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Asia Market

Drinkers ‘Trade Up’ on Wines

By Debra Meiburg MW
South China Morning Post (7 March 2017)

Thirty years ago, when I landed in Hong Kong, the city’s monolingual wine lists spoke only French. Pondering the idea of buying wines from California or Australia was unthinkable. Now, the world has shifted and a new breed of ‘premium’ wine brands jostle for precious shelf space in our city.

Premium means different things to different folks. They are wines that offer something a bit special and sit in the sweet spot where affordability meets quality. Local importer Antonio Koo, Ponti International’s managing director, says premium wines can be special varietal blends or single vineyard wines: “They capture the expressions and differences in terroir,” he says.

Hong Kong is now… Read the full article on South China Morning Post website.

Asian Food and Wine Duos Find Their Groove

By Debra Meiburg MW
South China Morning Post (23 November 2016)

Watching a dance duo tap, twirl and leap their way through a performance is enthralling. 

To perform at their peak, dancers must have great chemistry, be in sync, and bring just the right amount of strength to the partnership. The same applies to pairing wine with food. If a wine is too light, a rich dish will throw it off its feet; too heavy and it will weigh down the whole meal, like a ballerina failing to achieve lift.

Asian cuisine, with its intense flavour combinations, dazzles our palates with fancy footwork. Unlike European wine matching traditions, where pairing is based on the key protein of the meal, such as meat or fish, sauce flavours take the lead in Asia. The ‘white wine with fish, red wine with meat’ rules do not always apply, making pairing a challenge, but not impossible—a shoe-slapping Beaujolais can certainly hold its own against a quick-stepping chilli crab.

The best wine pairings… Read the full article on South China Morning Post website.

Viticultural Voyeurism at Vinexpo

By Debra Meiburg MW
South China Morning Post (1 June 2016)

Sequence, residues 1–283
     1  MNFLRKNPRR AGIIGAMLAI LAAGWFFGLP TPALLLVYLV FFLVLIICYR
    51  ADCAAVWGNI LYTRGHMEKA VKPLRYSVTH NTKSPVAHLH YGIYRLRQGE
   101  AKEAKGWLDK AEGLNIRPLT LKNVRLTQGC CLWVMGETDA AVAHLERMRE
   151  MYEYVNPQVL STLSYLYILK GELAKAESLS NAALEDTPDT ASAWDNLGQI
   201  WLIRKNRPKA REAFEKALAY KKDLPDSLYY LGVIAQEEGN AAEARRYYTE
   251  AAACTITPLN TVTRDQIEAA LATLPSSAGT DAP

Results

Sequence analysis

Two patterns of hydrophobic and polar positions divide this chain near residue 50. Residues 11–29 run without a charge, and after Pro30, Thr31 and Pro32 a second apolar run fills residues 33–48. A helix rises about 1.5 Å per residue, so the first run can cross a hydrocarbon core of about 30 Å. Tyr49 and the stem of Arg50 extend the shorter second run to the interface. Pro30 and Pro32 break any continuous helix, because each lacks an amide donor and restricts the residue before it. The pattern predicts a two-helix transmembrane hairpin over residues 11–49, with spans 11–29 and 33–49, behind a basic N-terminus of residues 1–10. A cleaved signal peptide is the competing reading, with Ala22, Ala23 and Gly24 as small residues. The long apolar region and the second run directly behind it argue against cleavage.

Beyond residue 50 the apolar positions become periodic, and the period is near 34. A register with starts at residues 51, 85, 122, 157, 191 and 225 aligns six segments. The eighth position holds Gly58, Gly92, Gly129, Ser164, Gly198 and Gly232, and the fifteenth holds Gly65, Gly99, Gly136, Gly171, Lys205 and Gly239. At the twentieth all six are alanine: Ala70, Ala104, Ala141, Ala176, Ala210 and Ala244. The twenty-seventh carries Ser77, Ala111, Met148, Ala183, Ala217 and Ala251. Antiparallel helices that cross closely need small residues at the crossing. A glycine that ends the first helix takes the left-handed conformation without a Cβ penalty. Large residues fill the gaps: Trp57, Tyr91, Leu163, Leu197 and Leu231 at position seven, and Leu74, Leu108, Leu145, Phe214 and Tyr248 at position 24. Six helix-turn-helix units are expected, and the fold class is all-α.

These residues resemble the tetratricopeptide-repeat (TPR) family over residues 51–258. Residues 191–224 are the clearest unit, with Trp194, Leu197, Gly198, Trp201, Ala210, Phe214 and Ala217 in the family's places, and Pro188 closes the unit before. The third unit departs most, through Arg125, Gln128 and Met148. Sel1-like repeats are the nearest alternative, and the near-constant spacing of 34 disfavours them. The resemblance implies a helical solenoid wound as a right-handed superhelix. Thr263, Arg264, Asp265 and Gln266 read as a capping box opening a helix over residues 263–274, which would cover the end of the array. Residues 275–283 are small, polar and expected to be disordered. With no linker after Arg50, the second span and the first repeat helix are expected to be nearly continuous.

Have you noticed a flurry of wine activity in Hong Kong this week? Perhaps your favourite sommelier has a skip in her step, or your go-to wine guy is eager to share his latest discovery. The probable source of their excitement is the biennial Vinexpo Hong Kong. Vinexpo is, arguably, the region’s largest international wine and spirits exhibition for wine professionals. The three-day event, which is held in alternate years to Vinexpo Bordeaux, brings professionals together with winemakers from 35 countries and is the industry’s window on the big wide world of wine trends.

On day one, we had our first taste of Moët Hennessy’s Ao Yun, a red wine produced at its Shangri-La winery in the Himalayas, in a remote north-west corner of Yunnan province. Another pleasant surprise was the debut of an exciting, affordable new super wine from Bordeaux, which was unveiled by Bettane & Desseauve.

Newcomers weren’t the only… Read the full article on South China Morning Post website.

Summer Wine Walkabout

By Debra Meiburg MW
South China Morning Post (26 April 2016)

When blue skies shine, Hong Kong’s beaches and alfresco barbeque pits beckon. But the subtropical steam sure works up a thirst. Don’t get stuck high and dry. Stock your daypack with essential fluids and mark the best wine shops on your trail guide.

Shuffle to Shun Tak and set sail for a mini break to Macau (or, even if you don’t), visit Marks & Spencer, a one-stop-shop for picnic food and drinks. The high street retailer has a wide selection of ‘on trend’ wines in it's near wholly exclusive-to-M&S wine range, which features plenty of summer faves like rosé, Prosecco, and the current darling of the wine world, English fizz. Don’t want to pack stemware? M&S’s ‘wine in a cup’ concept is another innovation that suits our summer wine scene. Called ‘Le Froglet’s’, these single serves of shiraz, rosé and chardonnay are perfect for impromptu picnics.

Pack a basket and… Read the full article on South China Morning Post website.

Hong Kong drinkers visiting Macau now spoilt for choice of world wines

By Debra Meiburg MW
South China Morning Post (21 January 2016)

Macau’s wine scene has been shaped by centuries of Portuguese culture and tradition. When Portuguese sailors first dropped anchor in the enclave, no doubt there were a few oak barrels on board. Today, Macau is a different beast – less yo-ho and a bottle of rum, more ooh-ahh and a bottle of red. In any case, Macau’s dual Sino-Portuguese heritage makes it one of the few Asian nations with an established Eurocentric wine culture.

Weekend pilgrimages to Macau are a regular jaunt for many Hongkongers who, for decades, have escaped the hustle and bustle of our vast metropolis to the quieter shores of Coloane’s rustic fishing village. Hongkongers are Macau’s second-largest group of visitors (after Mainland Chinese) and its biggest drinkers. No mini-break to Macau is complete without a plate of its famous clams or roast suckling pig. Sundays spent drowning hangovers in a cocktail of garlic, olive oil and inexpensive Portuguese wine will always hold a special place in our hearts.

More recently, however…Read the full article on South China Morning Post website.

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